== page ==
Yesterday I published An Open Letter to Ye Who is Always Late.

And, wow. There were some really happy people who thought that post was great. It was shared a whole bunch. And there were some really agitated and upset people. Several people told me it was the worst thing I’d ever written. I was told it was judgmental, and harsh, and vicious, and hateful, and some people even said they were done reading my blog.

This isn’t uncommon. Any time I write anything strongly worded and not all full of butterflies and tutus, even when it’s ultimately done from a place of love, I offend some people to the ends of the earth. I understand that those being offended are those people who really don’t like the mirror being held up. I know I hate when mirrors are held up to me and my less-than-awesome habits. And yes, I held up a big mirror yesterday. I’ll own that.

But life can’t always be lived politically correct. Writing and blogging certainly can’t be. Nothing ever improves when that is the case.

In that post, I very snarkily wrote a letter to a “friend” of mine who is always late. And by always, I don’t mean sometimes. I don’t mean when road traffic is unexpectedly rotten. I don’t mean when the kids occasionally are out of control. I mean always.

Of course, I didn’t write that open letter to any specific friend. I wrote that to any person who is chronically late and uncaring of the lives and time of others.

I, for one, am exhausted of it. I honestly am. And beating around the bush, and asking nicely, and gently nudging, and saying “it’s okay, just try better” hasn’t worked for any of the people in my life who are never on time. At all. Ever. At least for the stuff that involves me. So yesterday, I thought I’d try the direct (albeit blatant) approach.

You see, the further I get into my life and the older I get, the more I realize how precious every minute of every day is. I realize how valuable my time is, both for work and career but also for quality things I can be doing to enrich my life when I’m not working. I also pick and choose a lot more as I age, exactly what I will be doing with every minute of my life.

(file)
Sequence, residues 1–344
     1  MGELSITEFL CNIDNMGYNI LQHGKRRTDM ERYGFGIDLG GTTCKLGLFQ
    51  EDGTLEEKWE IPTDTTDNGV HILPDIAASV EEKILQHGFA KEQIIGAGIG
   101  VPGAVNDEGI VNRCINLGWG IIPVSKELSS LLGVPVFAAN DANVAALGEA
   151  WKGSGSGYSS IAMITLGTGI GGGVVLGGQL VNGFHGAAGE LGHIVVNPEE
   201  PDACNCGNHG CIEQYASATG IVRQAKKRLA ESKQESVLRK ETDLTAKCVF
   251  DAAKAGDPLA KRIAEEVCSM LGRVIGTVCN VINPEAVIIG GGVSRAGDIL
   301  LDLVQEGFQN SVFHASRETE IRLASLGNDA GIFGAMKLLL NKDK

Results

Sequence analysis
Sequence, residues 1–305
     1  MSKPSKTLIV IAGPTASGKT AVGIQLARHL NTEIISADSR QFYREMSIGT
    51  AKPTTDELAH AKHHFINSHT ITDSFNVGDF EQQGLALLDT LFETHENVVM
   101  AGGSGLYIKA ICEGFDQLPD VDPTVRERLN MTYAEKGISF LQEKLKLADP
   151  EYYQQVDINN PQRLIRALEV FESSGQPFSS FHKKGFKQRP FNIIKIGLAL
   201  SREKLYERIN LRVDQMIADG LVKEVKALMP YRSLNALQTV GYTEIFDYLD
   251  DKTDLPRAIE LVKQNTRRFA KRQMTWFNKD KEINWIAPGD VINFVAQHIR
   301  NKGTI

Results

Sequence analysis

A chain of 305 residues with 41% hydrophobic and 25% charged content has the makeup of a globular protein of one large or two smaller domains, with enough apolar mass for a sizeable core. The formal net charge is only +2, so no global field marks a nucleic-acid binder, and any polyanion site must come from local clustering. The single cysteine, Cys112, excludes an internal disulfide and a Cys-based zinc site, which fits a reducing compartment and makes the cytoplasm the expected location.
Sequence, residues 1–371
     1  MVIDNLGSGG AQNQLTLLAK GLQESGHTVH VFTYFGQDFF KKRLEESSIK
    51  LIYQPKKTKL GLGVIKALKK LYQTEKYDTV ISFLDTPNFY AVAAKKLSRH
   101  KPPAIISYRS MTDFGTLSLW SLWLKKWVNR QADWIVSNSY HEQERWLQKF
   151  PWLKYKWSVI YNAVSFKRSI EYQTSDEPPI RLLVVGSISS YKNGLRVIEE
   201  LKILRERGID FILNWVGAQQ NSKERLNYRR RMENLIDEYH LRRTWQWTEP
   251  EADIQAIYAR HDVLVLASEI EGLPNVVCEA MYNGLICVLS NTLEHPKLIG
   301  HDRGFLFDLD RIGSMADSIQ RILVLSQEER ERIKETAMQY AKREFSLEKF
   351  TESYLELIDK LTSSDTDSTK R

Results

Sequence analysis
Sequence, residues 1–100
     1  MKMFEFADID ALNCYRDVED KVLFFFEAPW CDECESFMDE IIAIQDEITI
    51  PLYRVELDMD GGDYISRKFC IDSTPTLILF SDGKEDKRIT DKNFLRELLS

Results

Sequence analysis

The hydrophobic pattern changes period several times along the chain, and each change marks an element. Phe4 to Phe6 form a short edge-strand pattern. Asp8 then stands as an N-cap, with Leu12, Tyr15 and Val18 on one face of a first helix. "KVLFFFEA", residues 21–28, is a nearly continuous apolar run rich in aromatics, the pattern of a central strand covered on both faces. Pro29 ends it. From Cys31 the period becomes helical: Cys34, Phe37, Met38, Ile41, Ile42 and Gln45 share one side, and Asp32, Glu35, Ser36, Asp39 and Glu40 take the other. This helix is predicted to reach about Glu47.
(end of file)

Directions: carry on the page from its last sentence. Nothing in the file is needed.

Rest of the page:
My life is important to me.

And I am sorry, but I don’t really personally understand the excuses of people who say they literally cannot be on time. In the comments, they blamed it on having kids. Or on OCD. Or on ADHD. Or on any other number of things.

I have a kid. Yes. We’re still pretty much always on time. I also have lots of friends with lots of kids (my best friend has seven!) and they are pretty much always on time. Some of their kids are difficult. Some of them are stubborn or argumentative. Some of them go out of control. Yet they’re still on time. So, I’m sorry but I don’t understand that one.

I also have diagnosed Adult ADD. I have friends who struggle with ADD or ADHD. And guess what. They’re still on time. Most of the time. So, I’m not understanding that one, either.

As for other disorders, I can’t go through every one of them and tell you whether or not I understand them or accept them when it comes to chronic tardiness. Maybe there are some disorders that literally make it so you cannot, no matter what, ever be on time. Obviously that post wasn’t written to you.

What I can tell you is that I have watched those people I love who are chronically late and I have noticed something.


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Dan Pearce is an American-born author, app developer, photographer, and artist. This blog, Single Dad Laughing, is what he's most known for, with more than 2 million daily subscribers as of 2017. Pearce writes mostly humorous and introspective works, as well as his musings which span from fatherhood, to dating, to life, to the people and dynamics of society. Single Dad Laughing is much more than a blog. It's an incredible community of people just being real and awesome together!